This blog discusses how enterprise job schedulers can fall short in cloud environments and how they should be built from the ground up, with the cloud in mind.
Often referred to as workload automation, enterprise job scheduling manages task execution on remote servers; resubmitting jobs when there are failures and launching jobs based on any dependencies in the sequence. Traditional enterprise job schedulers offer a graphical user interface (GUI) for this management, and have been used for a number of years for on-premise infrastructure.
Schedulers work in the background, managing multiple threads or pipelines simultaneously and require little thought or intervention. This modus operandi is possible as the number of available nodes and locations are known, and generally owned and stable. Therefore, they can merely be left to wait until work is allocated to them – organisations don’t have to fire them up, provision them or configure them, they can just use them as and when they have a job that needs to be completed.
This static ‘sit and wait’ approach, means the traditional schedulers are built in a similarly fixed way, requiring the simple configuration of how many nodes are available and where. While this is a perfectly suitable approach when the nodes are guaranteed, it does not necessarily translate to the cloud. In the cloud you have a wide range of different sources you can use, with fluctuating availabilities; therefore, a static scheduler can fall short in this dynamic environment.
For a scheduler to work in the cloud, it needs to be cloud native, fault tolerant and scalable.
While some traditional schedulers can work in the cloud, there will likely always be a ceiling to their performance. Instead of repurposing an existing tool, it is more advantageous to build a scheduler from the ground up, with the cloud in mind. With a truly cloud native tool, its potential will not be limited.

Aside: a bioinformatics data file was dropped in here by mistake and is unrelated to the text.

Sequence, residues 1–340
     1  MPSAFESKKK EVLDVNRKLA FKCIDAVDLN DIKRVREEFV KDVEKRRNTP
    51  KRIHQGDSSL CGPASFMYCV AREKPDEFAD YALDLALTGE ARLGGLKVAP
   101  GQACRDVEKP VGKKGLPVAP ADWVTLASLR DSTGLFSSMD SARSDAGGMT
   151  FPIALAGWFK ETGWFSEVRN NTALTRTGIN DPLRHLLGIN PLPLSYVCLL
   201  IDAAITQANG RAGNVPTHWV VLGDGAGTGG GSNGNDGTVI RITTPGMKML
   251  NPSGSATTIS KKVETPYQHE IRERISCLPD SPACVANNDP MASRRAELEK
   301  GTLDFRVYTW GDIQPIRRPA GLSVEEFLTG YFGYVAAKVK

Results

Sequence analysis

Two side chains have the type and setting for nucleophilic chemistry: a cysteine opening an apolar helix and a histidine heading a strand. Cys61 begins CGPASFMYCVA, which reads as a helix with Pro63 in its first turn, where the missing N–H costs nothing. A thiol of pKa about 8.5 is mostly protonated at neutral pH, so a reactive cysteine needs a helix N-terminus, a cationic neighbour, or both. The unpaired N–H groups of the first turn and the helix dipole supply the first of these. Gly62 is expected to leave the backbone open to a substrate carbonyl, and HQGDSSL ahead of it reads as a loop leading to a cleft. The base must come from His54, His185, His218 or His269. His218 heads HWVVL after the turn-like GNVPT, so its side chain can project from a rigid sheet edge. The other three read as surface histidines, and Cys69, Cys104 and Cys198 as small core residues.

As instances are often pre-emptible in the cloud, a scheduler needs to be able respond to workers being lost or reclaimed by the provider. It needs to be able to replace workers in the middle of a job, without allowing the entire job to fail and restart. It also needs to be able to intelligently allocate workers based on given criteria, such as a particular region or cloud provider, so the organisation can maintain control over where the work is executed.
In order to meet the requirements of compute-intensive workloads at peak times, a scheduler needs to be scalable. It needs to be able to handle thousands of tasks simultaneously, across multiple regions, machine shapes and instance types, for organisations to make the most of the resources available to them.
So what’s the true value of cloud native scheduler?
With a scheduler that can operate in the cloud, customers can execute more workloads, at a greater scale than ever before. They can avoid the need to queue and the workload complexity, size and range does not need to be constrained. This means that more processes can be performed, insights can be uncovered faster, and previously unthinkable scale can be unlocked.
The YellowDog Scheduler is designed to work in the cloud. It is equipped to elegantly respond when compute conditions change and has been built to scale.
It also sits on top of, and works with, our Compute Service. Therefore, organisations can dynamically identify where the best workers are – using our intelligent provisioning templates and our Best Source of Compute algorithms – and use our Scheduler Service to automatically place the jobs in that preferential compute.
With an easy-to-use GUI, organisations don’t need to have touch points with multiple providers to execute their workloads. They can view and manage everything from one Platform.
You are seeing this because you are using a browser that is not supported. The YellowDog website is built using modern technology and standards. We recommend upgrading your browser with one of the following to properly view our website:Windows
Please note that this is not an exhaustive list of browsers. We also do not intend to recommend a particular manufacturer's browser over another's; only to suggest upgrading to a browser version that is compliant with current standards to give you the best and most secure browsing experience.